Frank Rich has a smart, tough column today on where Obama has gone wrong—and what he can do to get back on track.

Obama’s plight has been unchanged for months. Neither in action nor in message is he in front of the anger roiling a country where high unemployment remains unchecked and spiraling foreclosures are demolishing the bedrock American dream of home ownership. The president is no longer seen as a savior but as a captive of the interests who ginned up the mess and still profit, hugely, from it.

That’s no place for any politician of any party or ideology to be.

Rich, who’s always shown an interdisciplinary streak, brings in the anti-NBC sentiment that’s been pervading late-night TV as an example of our anti-big corporation mood. It’s a smart linkage, and I think it helps explain why that anti-NBC sentiment has really caught on, because that whole thing has been deeply weird to watch and otherwise hard to explain.

Obama has also been too deferential to Congress, Rich argues, and failed to communicate to the American people the essential parameters of his health care bill. This too seems exactly right. One can understand why Obama took this tack—the Joe Liebermans of the world have something to do with it, and it would be politically damaging to say “we must have a public option” or whatever and then have Lieberman oppose it just to get attention and be forced to capitulate—but there are no giants in this Congress; these legislators (Harry Reid? Nancy Pelosi? Sigh.) diminish what they touch.

Since most voters are understandably confused about what the bills contain, the opponents have been able to attribute any evil they want to Obamacare, from death panels to the death of Medicare, without fear of contradiction.

Sad, but true—and Obama has been slow to address this lacuna. As Ken Auletta’s New Yorker piece on Obama and the press details, it took the White House something like four days to respond to Sarah Palin’s “death panels” charge, largely because they didn’t think anyone would actually take it seriously. But Palin and Fox News filled the vacuum they had failed to fill.

The greatest Obama failing, in my and Rich’s opinion, has to do with the sense that he is too close to Wall Street and too far from Main Street. The blame here really lies with his reliance upon the Goldman-Rubin-Summers-Geithner team.

[Obama] has stepped up the populist rhetoric lately — and markedly after political disaster struck last week — but few find this serene Harvard-trained lawyer credible when slinging populist rhetoric at “fat-cat” bankers. His two principal economic policy makers are useless, if not counterproductive, surrogates. Timothy Geithner, the Treasury secretary, was probably fatally compromised from the moment his tax lapses surfaced; now he is stalked by the pileup of unanswered questions about the still-not-transparent machinations at the New York Fed when he was knee-deep in the A.I.G. bailout. Lawrence Summers, the top administration economic guru, is a symbol of the Clinton-era deregulatory orgy that helped fuel the bubble.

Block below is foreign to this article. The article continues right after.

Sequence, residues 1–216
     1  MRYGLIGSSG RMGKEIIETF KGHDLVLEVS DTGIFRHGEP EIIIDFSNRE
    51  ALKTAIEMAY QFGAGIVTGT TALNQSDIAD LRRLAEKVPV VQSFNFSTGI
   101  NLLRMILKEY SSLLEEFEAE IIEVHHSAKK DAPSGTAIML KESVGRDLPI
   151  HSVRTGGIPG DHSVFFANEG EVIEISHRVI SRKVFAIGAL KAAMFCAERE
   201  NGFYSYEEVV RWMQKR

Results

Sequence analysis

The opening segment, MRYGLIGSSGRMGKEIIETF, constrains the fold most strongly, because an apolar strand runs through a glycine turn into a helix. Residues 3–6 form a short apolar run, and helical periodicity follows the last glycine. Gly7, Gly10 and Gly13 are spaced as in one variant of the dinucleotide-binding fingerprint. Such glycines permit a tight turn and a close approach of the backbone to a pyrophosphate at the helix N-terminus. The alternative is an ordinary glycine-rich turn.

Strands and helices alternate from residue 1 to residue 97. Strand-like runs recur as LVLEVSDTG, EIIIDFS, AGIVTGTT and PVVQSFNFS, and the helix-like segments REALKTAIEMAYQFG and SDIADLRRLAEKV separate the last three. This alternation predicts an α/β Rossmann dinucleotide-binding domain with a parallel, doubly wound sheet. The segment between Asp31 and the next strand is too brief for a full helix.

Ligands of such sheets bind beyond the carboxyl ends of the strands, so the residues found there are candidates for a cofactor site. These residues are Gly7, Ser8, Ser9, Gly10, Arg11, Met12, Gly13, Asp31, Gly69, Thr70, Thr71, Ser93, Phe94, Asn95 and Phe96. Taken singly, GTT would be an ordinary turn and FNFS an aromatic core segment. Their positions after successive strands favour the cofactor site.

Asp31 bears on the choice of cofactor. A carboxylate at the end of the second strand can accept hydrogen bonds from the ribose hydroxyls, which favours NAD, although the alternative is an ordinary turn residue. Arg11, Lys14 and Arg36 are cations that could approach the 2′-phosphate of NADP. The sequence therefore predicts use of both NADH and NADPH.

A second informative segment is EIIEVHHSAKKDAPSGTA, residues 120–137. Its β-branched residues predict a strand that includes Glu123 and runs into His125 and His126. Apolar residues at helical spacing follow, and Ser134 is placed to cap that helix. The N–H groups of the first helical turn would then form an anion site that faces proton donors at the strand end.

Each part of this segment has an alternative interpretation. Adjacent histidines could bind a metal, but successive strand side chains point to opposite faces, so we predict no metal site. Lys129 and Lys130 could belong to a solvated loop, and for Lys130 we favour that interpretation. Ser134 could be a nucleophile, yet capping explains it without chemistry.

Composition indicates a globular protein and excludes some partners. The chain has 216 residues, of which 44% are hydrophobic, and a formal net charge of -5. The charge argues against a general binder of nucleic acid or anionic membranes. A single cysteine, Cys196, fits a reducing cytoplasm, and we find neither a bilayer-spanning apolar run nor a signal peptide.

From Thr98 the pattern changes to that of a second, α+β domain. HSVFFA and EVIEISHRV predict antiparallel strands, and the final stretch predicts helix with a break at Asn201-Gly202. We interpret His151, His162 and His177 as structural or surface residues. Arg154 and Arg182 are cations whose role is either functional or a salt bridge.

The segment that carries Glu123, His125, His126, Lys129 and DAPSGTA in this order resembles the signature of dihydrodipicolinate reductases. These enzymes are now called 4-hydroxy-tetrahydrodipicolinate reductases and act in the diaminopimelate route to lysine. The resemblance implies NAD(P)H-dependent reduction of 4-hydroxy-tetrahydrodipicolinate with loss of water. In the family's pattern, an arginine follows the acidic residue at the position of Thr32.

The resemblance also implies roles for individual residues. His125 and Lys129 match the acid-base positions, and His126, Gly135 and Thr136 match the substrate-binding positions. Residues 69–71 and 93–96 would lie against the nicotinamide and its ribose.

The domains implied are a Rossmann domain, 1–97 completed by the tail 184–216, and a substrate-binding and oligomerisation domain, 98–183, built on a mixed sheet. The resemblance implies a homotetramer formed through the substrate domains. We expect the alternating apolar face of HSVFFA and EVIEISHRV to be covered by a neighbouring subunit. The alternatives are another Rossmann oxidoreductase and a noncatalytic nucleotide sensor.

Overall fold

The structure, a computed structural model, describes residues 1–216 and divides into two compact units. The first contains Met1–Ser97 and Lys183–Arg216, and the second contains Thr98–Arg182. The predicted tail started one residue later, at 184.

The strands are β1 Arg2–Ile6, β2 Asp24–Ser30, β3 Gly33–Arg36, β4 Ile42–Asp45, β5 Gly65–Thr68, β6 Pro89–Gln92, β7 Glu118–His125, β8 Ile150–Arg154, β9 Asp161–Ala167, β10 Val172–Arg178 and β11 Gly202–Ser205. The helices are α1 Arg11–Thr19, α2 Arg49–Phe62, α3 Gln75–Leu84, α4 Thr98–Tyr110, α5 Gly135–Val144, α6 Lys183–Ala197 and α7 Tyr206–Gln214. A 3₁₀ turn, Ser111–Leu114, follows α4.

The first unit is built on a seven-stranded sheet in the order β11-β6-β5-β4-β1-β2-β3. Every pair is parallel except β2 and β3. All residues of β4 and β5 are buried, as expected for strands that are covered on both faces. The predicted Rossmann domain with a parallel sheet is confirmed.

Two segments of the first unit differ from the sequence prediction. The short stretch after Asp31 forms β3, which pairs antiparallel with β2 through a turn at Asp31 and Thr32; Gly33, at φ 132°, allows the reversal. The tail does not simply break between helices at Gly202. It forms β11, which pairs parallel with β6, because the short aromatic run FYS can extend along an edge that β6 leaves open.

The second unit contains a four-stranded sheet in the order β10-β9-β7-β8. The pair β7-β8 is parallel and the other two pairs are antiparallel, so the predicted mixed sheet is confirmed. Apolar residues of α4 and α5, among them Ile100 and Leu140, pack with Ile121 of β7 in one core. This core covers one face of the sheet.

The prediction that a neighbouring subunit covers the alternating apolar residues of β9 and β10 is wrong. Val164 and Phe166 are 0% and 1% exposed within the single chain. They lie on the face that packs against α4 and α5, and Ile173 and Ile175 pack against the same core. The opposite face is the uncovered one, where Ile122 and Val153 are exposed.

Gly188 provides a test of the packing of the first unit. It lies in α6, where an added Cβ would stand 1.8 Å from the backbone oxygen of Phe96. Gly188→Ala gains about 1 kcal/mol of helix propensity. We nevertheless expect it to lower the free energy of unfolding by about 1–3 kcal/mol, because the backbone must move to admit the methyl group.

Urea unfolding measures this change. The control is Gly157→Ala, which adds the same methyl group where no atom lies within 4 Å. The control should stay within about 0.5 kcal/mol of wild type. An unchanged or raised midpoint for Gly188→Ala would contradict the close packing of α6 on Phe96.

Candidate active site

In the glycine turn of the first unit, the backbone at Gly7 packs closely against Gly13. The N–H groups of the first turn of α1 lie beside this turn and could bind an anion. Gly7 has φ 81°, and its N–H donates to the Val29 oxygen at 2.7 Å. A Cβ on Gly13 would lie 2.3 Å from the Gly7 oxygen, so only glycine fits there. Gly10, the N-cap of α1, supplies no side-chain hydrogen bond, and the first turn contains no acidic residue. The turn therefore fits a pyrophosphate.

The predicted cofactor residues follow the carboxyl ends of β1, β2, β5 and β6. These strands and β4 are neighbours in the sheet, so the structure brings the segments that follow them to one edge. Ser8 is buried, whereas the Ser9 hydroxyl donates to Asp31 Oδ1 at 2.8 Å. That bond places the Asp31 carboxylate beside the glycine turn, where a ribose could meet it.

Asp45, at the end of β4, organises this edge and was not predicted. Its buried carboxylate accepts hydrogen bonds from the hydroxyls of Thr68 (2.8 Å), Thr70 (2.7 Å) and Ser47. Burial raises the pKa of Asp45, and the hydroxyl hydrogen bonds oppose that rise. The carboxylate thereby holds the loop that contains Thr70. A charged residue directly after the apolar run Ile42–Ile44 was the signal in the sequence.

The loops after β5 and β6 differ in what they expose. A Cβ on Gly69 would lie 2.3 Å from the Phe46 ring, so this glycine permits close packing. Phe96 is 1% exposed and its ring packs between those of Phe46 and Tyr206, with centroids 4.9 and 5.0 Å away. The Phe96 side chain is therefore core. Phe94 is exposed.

This is where, also, the $8 million Summers earned from hedge fund D.E. Shaw and from popping in for lunch at various investment banks in 2008 really hurts. If you want to say or believe that Summers is too close to Wall Street, all you have to do is point to his pocket and the $8 million dollars fat cats shoved into it. And the fact is, you’d be right.

The White House clearly knows this duo is a political albatross. After the news broke that 85,000 more jobs had been lost in December despite some economists’ more optimistic predictions, Christina Romer, a more user-friendly (though still academic) economic hand, was dispatched to the Sunday shows.

It’s an amusing irony that Romer, of course, is the economist whose tenure nomination was rejected by Drew Faust in one of the biggest mistakes of Faust’s presidency.

Rich’s conclusion:

The Obama administration is so overstocked with Goldman Sachs-Robert Rubin alumni and so tainted by its back-room health care deals with pharmaceutical and insurance companies that conservative politicians, Brown included, can masquerade shamelessly as the populist alternative.

Obama’s presidency depends on how well he understands and and reacts to the popular sense that he is too elitist and has focused insufficiently on the real economic pain of working people. (And more and more often, non-working people.)

So I’m surprised to see the Administration showing signs that it’s going to fight for Ben Bernanke. The Tea Party-types are going to kill him on this one. Why is he doing it? As the Times reports, “to quell fears in the financial markets.”

Obama has from the get-go been too deferential to “fears in the financial markets.” They’ll survive. Nominate someone who isn’t in the Street’s pocket. Not Paul Krugman—too irascible. But how about Joe Stiglitz?